I’ve always liked shawl-collar cardigans. One reason is that I have a long neck, which benefits from a collar. T-shirts and round-neck sweaters tend to make me look scrawny. Shirts, polo shirts and polo-collared sweaters provide more support.

This links to the second reason, which is the shawl collar’s versatility. A T-shirt is fine for Sunday mornings, but a shirt and tie also works for dress-down Friday. And it is the default choice when I get home because I know it will work with whatever else I am wearing.

The shawl-collar cardigan is more comfortable than a jacket around the house and more stylish than a normal cardigan. I always like clothes that are functional as well, so the fact the collar can usually be turned up and buttoned across appeals.

I have a few favourites. One is an old charcoal Ralph Lauren I bought during a conference in Chicago years ago. A second was an acquisition earlier this year from Albam – in a chunky cotton, which is unusual, and the last style they had made by Stevenage Knitting. And the third is the Drake’s cashmere sweater pictured.

Michael Drake calls the sweater iconic. I’m not sure I’d go that far, but it has certainly been popular (as demonstrated by the special orders now available) and I’ve coveted the flannel grey version for going on a year. Having finally secured it, I recommend going for a relatively big size – I’m a 39-inch chest, but the XS (38 inch) was rather too short in the body and the S (42 inch) fit far better. It is not a very slim fit, but then a comfortable sweater like this shouldn’t be.
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You might also like the shawl collar sweater made in lambswool and sold by Ben Silver. Far better quality and finer features than is found on most woolen shawl sweaters and less expensive than cashmere versions.


I`ve been always enjoying reading your blog.
One question but what kind of style do you recommend for people with relatively short neck?


Hello Simon,

I am in the market for a shawl cardigan. Unfortunately, as a student, Drake’s beautiful Version for 700 is completely out of the question for me. Can you recommend a cheaper alternative?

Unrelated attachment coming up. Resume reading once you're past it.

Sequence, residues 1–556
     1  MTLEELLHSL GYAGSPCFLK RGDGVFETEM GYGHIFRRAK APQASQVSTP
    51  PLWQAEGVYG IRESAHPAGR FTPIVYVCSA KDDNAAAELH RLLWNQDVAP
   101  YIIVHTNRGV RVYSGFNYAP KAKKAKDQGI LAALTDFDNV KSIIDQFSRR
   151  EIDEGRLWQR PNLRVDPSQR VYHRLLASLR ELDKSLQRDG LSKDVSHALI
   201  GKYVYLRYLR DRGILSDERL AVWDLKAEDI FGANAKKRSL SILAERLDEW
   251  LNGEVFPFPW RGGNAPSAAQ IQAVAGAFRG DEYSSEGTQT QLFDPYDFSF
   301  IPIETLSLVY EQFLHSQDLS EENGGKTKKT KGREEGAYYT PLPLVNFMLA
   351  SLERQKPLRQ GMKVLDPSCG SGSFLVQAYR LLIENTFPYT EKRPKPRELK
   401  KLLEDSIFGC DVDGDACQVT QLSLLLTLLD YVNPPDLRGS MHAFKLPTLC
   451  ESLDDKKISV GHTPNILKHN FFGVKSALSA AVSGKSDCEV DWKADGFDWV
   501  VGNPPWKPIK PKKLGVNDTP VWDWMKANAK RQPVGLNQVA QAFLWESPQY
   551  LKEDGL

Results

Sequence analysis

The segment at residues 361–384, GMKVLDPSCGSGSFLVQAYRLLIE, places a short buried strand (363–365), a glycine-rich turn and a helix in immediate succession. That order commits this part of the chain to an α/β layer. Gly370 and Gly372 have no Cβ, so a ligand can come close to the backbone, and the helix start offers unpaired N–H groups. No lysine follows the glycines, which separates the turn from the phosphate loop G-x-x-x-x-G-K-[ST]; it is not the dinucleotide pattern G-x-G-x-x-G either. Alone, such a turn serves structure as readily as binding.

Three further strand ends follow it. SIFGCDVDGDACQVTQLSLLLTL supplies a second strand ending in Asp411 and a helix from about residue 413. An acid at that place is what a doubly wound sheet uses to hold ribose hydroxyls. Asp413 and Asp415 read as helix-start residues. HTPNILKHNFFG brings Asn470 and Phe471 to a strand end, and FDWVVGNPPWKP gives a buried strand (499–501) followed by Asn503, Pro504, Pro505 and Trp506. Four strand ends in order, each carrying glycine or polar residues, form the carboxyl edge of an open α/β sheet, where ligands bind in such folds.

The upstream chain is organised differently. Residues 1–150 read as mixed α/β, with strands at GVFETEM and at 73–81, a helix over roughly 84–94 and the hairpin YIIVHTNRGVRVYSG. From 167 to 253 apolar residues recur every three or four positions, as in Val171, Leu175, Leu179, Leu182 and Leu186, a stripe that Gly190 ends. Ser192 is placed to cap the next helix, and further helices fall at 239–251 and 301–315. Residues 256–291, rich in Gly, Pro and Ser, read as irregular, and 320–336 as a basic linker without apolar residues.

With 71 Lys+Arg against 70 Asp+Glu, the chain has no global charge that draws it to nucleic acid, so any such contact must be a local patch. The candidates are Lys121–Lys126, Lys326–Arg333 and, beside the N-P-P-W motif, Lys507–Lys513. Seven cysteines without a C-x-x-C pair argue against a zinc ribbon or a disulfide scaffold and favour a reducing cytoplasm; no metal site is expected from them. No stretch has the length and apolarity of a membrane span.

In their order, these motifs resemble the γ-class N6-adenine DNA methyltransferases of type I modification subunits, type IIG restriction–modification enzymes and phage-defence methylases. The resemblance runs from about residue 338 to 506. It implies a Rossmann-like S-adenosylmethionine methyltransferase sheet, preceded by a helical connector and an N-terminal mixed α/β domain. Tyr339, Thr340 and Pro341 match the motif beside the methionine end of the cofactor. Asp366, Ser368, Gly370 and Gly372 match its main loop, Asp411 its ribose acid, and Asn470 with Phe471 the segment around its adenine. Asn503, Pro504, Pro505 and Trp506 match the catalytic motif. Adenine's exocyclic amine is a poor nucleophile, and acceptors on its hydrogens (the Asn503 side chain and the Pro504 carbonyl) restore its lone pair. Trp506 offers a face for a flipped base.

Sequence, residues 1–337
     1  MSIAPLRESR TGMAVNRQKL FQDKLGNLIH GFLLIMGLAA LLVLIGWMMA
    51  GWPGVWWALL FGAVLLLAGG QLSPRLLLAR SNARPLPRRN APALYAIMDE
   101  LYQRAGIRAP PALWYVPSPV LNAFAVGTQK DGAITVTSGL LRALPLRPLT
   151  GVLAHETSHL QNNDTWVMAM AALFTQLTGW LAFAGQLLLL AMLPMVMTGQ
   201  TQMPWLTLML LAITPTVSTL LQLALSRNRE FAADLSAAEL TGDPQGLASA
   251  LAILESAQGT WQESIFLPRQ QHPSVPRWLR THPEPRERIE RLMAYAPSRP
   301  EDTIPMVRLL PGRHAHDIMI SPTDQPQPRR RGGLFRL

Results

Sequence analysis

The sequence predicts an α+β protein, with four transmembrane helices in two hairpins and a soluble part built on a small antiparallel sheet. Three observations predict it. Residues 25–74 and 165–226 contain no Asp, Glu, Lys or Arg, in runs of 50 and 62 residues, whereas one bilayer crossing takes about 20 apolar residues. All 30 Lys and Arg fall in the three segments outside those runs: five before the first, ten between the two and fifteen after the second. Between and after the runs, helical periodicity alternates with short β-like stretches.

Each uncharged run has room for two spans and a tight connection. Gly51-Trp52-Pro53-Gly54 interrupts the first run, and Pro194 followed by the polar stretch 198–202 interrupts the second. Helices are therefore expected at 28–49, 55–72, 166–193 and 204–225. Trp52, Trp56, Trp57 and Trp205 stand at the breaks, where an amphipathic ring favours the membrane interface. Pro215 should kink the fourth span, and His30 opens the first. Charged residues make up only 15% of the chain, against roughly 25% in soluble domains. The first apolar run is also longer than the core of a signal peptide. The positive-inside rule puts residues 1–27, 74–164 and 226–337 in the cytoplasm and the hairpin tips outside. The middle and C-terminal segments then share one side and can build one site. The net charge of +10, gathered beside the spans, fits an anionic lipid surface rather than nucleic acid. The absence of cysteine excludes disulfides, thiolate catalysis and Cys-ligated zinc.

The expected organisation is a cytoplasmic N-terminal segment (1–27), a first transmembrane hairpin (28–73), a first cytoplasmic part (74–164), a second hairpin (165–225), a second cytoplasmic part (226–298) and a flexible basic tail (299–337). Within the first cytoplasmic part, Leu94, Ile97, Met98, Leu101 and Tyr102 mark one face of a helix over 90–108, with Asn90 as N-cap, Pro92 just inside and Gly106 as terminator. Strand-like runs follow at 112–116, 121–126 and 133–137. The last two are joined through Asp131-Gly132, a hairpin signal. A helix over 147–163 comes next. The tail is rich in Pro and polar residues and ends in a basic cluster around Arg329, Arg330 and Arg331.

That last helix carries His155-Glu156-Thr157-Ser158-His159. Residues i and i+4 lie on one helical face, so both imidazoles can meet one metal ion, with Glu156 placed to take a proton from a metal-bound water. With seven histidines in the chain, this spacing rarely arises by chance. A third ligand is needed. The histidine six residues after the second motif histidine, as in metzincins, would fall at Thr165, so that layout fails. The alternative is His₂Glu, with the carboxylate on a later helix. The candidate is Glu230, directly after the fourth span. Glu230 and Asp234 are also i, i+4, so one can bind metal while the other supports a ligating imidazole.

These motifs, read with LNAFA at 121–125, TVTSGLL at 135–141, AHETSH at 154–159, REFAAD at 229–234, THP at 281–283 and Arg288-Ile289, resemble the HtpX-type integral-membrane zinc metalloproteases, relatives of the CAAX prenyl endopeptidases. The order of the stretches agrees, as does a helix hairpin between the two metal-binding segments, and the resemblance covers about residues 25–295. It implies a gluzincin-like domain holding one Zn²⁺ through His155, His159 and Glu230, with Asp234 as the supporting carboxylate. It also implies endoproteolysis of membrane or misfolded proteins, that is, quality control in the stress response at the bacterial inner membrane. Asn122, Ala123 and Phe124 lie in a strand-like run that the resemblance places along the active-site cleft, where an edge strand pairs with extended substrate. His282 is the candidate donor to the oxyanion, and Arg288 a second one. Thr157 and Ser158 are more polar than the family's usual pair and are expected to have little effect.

Hi Simon,
following your suggestion I did some additional research and got lost in the byzantine online world of scotish cashmere: It appears to me that Drake’s wonderful “Iconic Shawl Collar Cardigan” is in fact identical to William Lockie’s “Windsor Shawl Collar Jacket”. For some strange reason however this producer (Lockie) has absolutely no intention at all to sell those, but instead lists a couple of phone number. Using those I eventually ended up at “Heather Wallace” which appears to be an online shop which offers the very same cardigans as Drake’s but makes no mention of William Lockie at all. Looking at the source code and credits of the homepages it appears that they (Wallace and Drake) are connected. I feel confused.


Hi Simon, thanks for the lovely and informative post. I’m looking into purchasing one of these and I noticed that you sized up to a Small (42). Do you mean the 40 (which drakes labels S) or the 42 (which drakes labels M)? cheers


Do you know if the Drake’s model is cut exactly the same Lockies own ‘Windsor’ model? As the arms are far too baggy in my opinion.


The Drakes is made by Lockie and is exactly the same as their Windsor model. Worth noting that the Armoury cardigan is also the Lockie Windsor model.